Physical Geography

  • Created by: elbally
  • Created on: 13-04-15 11:08



  • Snow falls and collects in a hollow high up on the mountainside
  • Freeze thaw weathering around the hollow causes the surrounding rock to disintegrate
  • The debris is washed away when snow melts and the hollow becomes bigger
  • As more snow falls and collects in the hollow it is compressed and becomes glacial ice
  • Erosion and weathering by abrasion, plucking and freeze-thaw action makes the hollow bigger
  • Gravity causes ice to move in a rotational direction, this is known as rotational slip and this causes ice to pulll away from the backwall
  • Plucked debris from backwall causes further erosion through abrasion 
  • The debris is deposisted at the lip
  • These processes create a rounded armchair shape with a steep backwall
  • A circular lake known as a tarn forms in the hollow
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Ice Movement

Regelation Slip:

  • Works best over smaller objects
  • On the upglacier side of anobstacle increased pressure causes the basal ice to melt locally
  • Meltwater allows ice to slip over an obstacle
  • The water then refreezes due to reduced pressure
  • This is called the relegation layer

Compressional Flow:

  • This is when the velocity increases and glacier increses in density
  • Below the ELA (Equilibrium Line Accumilation) ice from the upper valley pushes against the down valley
  • This happens where slope gradient 
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Ice Movement 2

Creep – occurs when ice meets an obstacle and leads to pressure melting on upstream side which aids flow. Meltwater refreezes on downstream side.

Extending-compressing flow – where the gradient is steep, the glacier moves faster and thins (extending flow) leading to reduced erosion but where the gradient is gentle, the glacier moves slowly and thickens (compressing flow) leading to increased erosive power.

Surges – glacier moves forward very rapidly (maybe 300 metres in a day) due to the build up of sub-glacial meltwater or perhaps large rock avalanches near the source. Surges may happen every 50 – 100 years.

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Glacial Trough/U-Shaped Valley


  • A glaciated valley often characterised by steep sides and a flat bottom, resulting primarily form erosion by strongly channelled ice.
  • E.g. Valley of Lauterbrunnen, Switzerland


  • Ice occupies a former river valley
  • The ice removes the interlocking spurs
  • This is through the processes of abrasion and plucking at the base especially and 'bulldozing' as material is pushed out the way
  • Thus, the valley is widened and deepened
  • Presense of extentional and compressional flow leads to varieies of depth
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  • Astmmetrical elongated mounds of glacial deposits
  • Basket of Eggs topography
  • Longer than wide
  • Long axis parrallel to ice movement
  • Steeper stoss side
  • Gentler lee side
  • 50-60 metres high
  • 25-600 metres wide


  • The most widly accepted view is that drumlins were formed when ice became overloaded with material, reducing its capacity
  • The reduced capacity may be due to the melting of ice or reduction in velocity
  • Once the material has been deposited it is mouled and streamlined by later ice movement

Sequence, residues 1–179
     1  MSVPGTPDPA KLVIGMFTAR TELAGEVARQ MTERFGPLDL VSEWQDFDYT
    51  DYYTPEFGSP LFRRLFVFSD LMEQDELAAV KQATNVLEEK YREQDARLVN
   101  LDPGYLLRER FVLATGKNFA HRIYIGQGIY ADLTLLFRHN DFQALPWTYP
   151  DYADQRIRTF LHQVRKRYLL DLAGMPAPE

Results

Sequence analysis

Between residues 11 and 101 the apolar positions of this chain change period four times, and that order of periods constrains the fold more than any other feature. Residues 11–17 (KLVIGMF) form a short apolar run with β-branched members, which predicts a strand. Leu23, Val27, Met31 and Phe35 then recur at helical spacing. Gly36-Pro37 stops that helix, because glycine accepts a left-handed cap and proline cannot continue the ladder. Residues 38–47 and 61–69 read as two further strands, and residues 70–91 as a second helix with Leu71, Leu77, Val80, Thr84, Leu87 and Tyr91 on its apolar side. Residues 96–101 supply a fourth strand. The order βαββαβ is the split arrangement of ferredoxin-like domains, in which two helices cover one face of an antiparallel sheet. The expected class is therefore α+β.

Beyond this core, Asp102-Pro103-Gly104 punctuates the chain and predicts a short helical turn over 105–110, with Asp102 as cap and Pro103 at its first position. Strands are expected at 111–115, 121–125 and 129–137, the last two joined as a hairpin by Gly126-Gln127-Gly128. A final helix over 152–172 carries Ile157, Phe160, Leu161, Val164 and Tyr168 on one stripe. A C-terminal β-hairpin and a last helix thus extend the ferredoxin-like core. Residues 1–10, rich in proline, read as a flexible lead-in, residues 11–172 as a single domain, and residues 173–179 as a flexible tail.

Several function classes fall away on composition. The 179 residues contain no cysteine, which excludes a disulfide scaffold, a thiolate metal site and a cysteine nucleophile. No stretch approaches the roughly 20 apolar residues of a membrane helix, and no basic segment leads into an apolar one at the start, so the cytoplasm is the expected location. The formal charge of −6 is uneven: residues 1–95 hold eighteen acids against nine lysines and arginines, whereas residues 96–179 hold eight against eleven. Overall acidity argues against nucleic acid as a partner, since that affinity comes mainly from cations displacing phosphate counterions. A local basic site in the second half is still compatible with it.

• This is similar to a rouche mountonee without a plucked face
  • OR [Evans] = Subglacial deformed masses of pre-existing sediment to which more sediment is added
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  • Mounds of fluvioglacial sediment
  • Rounded mounds/hills
  • Undulating mounds of ill-sorted material that collapses as ice melts
  • Width - 50m Height 3m - 5m


  • Hollows on the surface of a melting glacier would fill up with sediment and then gradually go down to lower levels as the ice melts
  • This forms a mound on the ground surface
  • These collapse when the ice melts
  • Kame terrances are formed when a gap between the valley side and the ice margin is filled with glaciofluvial deposits, leaving behind a terrance when the ice melts
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Kettle Holes


  • Diameter - 5m to 100m
  • Depth - 1m to 5m


  • Formed when a glacier is melting and a piece of ice is isolated from the rest of the glacier
  • It is buried by outwash debris
  • It subsequently melts and the resulting subsidence causes a small hollow in the outwash plain
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  • Winding/sinvous ridges of often course sands and gravels that are deposited by meltwater as it flows in channels beneath
  • These channels are called Subglacial meltwater channels
  • Three types - Sharp crested, multiple crested, broad crested
  • Material is carried in these steams
  • As the energy of the stream decreases material is deposited
  • Large particles are deposited first until all material is deposited
  • When the glacier melts the esker is exposed

E.g. Kemb Hills, Scotland

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Meltwater Channels



  • Form as a result of the original course followed by a river before glaciation may be blocked by ice or as an overflow from a proglacial lake
  • Large amounts of meltwater had a lot of energy to erode and carve out deep gorges, that today are occupied by streams too small to have created valleys
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Braided Streams/Eyots

What are they?

  • Seasonal variation in meltwater discharge lead to fluctuations in the sediment load
  • Excess material is deposited during times of lower discharge and many obstruct flow leading to braiding

E.g. River Eyra, Iceland

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